The lead plaintiff in the case, Lawrence Golan, told the high court that [he] will no longer be able to perform Prokofiev’s Classical Symphony and Peter and the Wolf, or Shostakovich’s Symphony 14, Cello Concerto because of licensing fees.

A world without Shostakovich’s Symphony 14, Cello Concerto is one I don't want to face. 

Seriously though, Wired has a good article about this, which includes a link to the decision (if you're into that sort of thing). 

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Renfield's picture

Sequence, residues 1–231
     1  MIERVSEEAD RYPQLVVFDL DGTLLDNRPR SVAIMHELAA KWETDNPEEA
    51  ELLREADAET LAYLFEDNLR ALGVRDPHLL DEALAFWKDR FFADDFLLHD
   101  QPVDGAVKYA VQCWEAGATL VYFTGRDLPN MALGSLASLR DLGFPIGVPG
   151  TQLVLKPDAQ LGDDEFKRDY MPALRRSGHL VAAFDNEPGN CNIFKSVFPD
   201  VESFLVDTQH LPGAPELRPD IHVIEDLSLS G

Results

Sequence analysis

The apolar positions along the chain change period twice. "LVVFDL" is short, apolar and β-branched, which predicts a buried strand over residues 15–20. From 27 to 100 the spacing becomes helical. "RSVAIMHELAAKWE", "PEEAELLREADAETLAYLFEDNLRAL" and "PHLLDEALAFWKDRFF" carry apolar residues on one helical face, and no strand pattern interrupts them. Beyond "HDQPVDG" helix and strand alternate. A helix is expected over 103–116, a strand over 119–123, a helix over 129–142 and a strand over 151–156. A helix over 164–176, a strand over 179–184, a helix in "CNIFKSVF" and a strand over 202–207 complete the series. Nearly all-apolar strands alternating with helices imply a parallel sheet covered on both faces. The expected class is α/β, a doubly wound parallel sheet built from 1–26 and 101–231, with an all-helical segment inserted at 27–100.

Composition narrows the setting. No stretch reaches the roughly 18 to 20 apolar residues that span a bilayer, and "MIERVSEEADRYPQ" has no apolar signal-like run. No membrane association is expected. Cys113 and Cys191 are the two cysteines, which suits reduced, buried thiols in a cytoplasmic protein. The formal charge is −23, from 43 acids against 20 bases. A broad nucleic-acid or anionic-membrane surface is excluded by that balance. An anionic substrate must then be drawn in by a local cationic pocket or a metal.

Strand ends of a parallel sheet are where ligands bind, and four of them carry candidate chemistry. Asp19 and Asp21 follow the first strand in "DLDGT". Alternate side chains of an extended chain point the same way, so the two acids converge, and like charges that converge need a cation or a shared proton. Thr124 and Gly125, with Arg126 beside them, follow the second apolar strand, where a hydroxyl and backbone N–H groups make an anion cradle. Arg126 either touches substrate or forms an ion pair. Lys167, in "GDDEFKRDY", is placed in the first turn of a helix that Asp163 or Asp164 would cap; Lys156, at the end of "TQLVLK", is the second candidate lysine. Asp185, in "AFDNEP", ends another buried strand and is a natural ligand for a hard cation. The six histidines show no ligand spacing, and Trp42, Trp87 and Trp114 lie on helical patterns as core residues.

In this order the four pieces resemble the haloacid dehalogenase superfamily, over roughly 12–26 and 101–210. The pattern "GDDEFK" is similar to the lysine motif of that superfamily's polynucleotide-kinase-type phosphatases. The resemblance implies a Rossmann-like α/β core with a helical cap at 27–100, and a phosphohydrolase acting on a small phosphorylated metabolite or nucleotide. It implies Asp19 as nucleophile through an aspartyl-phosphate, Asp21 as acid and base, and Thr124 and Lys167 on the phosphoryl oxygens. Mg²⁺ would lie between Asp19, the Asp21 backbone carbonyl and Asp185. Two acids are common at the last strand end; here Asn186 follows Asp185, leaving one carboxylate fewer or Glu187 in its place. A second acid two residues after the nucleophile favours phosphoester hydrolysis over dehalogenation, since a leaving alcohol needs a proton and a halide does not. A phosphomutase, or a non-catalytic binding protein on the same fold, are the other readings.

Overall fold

Renfield from Hell is reading 20th Century Ghosts January 19, 2012 - 2:01pm

What a crock of shit.

Dan's picture
Dan from Santa Monica, CA is reading Beautiful You by Chuck Palahniuk January 19, 2012 - 3:33pm

Well I guess this Lawrence Golan will just have to write his own material instead of banking off dead people's work.

aliensoul77's picture
aliensoul77 from a cold distant star is reading the writing on the wall. January 19, 2012 - 3:48pm

Does that mean I would have to pay Congress fees if I wanted to say, use a work of Beethoven in my student film or something?

Xander Davis's picture
Xander Davis from Downtown Tycho, The Moon is reading Casino Royale / Tomorrow Now January 19, 2012 - 6:38pm


Rob's picture
Class Director
Rob from New York City is reading at a fast enough pace it would be cumbersome to update this January 19, 2012 - 7:43pm